Albert Einstein said, “The world is a dangerous place. Not because of those who do evil, but because of those who look on and do nothing.” We are to overcome evil with good.
Ghandi was once asked by E. Stanley Jones—who had desperately tried to get Ghandi to make a commitment to Christ—what hindered him from committing his life to Jesus. Ghandi replied, “The Christians.”
Suppose we Anabaptists repented of our materialism and became known for our sacrificial and extravagant generosity in obedience to Christ? Yes, some of this does happen, but the people around us also know that we have piles of money left. We are known for our wealth and being people who have money. Suppose we were known as people who have depleted our resources for the sake of God’s Kingdom and are the most generous people on the face of the earth.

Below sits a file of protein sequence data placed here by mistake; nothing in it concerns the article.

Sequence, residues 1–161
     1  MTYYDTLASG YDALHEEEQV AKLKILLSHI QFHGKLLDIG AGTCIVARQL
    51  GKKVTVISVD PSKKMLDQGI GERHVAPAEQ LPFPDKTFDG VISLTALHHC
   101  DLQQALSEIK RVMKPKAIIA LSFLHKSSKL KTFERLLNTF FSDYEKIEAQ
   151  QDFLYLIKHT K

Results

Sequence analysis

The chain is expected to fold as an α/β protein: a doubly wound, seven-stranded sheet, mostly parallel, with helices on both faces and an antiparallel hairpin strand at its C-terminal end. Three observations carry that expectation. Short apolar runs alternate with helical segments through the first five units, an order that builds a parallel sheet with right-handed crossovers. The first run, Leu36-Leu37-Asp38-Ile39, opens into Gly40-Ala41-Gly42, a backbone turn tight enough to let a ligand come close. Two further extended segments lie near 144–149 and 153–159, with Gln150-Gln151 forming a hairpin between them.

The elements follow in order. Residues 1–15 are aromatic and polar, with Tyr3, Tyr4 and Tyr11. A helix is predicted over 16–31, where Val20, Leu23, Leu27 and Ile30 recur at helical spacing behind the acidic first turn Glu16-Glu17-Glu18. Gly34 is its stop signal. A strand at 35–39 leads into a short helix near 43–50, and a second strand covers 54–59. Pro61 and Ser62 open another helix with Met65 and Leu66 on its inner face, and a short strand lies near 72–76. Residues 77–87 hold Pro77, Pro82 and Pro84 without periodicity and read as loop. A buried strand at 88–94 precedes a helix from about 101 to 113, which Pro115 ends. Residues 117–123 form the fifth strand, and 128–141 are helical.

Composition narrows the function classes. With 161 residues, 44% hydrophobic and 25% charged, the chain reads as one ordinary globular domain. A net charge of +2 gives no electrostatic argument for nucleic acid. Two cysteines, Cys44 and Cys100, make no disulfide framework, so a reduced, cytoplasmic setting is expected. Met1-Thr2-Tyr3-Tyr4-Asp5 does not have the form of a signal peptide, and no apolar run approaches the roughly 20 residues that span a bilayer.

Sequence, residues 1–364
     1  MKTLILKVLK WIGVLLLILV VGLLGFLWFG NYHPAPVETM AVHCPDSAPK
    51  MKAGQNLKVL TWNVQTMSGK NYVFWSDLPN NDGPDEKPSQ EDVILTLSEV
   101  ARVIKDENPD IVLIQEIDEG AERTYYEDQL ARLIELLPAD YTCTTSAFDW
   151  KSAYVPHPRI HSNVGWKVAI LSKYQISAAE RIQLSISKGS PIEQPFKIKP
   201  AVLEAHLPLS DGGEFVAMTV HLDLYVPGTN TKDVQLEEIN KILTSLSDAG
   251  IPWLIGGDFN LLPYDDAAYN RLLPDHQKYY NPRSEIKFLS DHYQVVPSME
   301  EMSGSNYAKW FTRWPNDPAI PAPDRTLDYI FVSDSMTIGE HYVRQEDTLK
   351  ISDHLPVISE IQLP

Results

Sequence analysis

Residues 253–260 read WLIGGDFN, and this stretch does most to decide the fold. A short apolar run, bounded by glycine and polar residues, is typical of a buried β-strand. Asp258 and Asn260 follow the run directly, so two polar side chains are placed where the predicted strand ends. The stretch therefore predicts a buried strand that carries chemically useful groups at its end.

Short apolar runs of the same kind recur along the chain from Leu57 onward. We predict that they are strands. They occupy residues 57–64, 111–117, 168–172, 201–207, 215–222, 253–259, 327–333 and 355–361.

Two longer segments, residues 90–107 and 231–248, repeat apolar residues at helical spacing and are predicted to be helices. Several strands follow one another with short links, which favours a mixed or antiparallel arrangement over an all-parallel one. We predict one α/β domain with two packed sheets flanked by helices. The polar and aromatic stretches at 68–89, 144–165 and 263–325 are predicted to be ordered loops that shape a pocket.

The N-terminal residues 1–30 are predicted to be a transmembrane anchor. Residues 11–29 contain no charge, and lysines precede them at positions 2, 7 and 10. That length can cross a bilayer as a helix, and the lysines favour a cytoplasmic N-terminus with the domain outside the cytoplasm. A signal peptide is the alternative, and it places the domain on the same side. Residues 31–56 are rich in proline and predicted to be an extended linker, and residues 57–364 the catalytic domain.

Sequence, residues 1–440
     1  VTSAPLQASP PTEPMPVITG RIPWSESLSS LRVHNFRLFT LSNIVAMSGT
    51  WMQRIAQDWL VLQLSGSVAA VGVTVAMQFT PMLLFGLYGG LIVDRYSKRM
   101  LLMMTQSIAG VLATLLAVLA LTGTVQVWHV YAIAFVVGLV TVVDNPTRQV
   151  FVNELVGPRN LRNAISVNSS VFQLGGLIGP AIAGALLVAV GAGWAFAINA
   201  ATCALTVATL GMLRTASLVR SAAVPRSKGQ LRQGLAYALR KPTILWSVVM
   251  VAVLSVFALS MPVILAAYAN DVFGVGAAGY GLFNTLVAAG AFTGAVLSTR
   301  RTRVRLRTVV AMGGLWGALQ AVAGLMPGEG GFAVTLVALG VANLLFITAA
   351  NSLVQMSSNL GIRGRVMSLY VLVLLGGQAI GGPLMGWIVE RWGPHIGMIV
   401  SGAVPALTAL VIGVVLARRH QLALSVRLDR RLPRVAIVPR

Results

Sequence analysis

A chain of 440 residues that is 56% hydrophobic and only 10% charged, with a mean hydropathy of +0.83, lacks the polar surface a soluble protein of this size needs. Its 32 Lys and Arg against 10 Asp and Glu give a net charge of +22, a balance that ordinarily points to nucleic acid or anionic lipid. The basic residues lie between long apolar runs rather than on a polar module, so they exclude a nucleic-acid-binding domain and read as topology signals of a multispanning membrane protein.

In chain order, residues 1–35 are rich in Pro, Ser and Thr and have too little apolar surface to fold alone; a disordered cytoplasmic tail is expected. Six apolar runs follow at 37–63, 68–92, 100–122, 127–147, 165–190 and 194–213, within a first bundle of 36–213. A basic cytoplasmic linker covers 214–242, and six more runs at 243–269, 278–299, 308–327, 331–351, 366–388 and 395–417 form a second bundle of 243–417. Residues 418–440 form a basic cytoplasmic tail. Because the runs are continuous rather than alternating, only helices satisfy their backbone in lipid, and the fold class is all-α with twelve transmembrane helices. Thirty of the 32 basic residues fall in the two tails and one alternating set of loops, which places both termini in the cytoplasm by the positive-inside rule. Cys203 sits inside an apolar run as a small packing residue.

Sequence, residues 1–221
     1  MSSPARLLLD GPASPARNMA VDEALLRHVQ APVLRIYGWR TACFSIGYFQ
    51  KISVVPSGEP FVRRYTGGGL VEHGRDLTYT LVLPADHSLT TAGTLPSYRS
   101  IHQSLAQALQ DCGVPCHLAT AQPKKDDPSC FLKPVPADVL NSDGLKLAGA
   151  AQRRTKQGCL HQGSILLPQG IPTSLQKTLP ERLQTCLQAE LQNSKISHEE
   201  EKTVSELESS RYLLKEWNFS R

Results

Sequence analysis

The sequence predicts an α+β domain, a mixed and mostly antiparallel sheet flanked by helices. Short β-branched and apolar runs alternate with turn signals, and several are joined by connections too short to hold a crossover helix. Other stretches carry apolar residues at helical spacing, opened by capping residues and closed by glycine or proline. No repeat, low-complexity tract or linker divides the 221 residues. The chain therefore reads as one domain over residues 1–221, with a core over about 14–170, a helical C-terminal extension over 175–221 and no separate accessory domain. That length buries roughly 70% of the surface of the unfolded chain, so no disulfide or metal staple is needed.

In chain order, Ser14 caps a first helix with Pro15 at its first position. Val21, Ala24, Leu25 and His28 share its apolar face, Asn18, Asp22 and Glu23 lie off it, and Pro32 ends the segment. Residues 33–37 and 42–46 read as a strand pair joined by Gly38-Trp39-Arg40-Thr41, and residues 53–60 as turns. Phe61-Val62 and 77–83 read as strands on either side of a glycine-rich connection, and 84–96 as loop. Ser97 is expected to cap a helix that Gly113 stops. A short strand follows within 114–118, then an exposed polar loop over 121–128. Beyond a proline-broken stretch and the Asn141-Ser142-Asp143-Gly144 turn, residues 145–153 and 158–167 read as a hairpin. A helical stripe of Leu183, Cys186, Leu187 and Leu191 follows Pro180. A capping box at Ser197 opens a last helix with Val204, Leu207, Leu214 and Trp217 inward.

You can help change this! Coupled with nonresistance, obeying Christ in hilarious giving would be the most powerful testimony in the world. Will we be remembered as the generation that rose up for the cause of world poverty the best we could with our small numbers? Or will our history show that we were the most selfish generation in history who loved its soft drinks, fancy cars, cosmetics, extravagant clothes, expensive electronic gadgets, oversized houses, and costly vacations?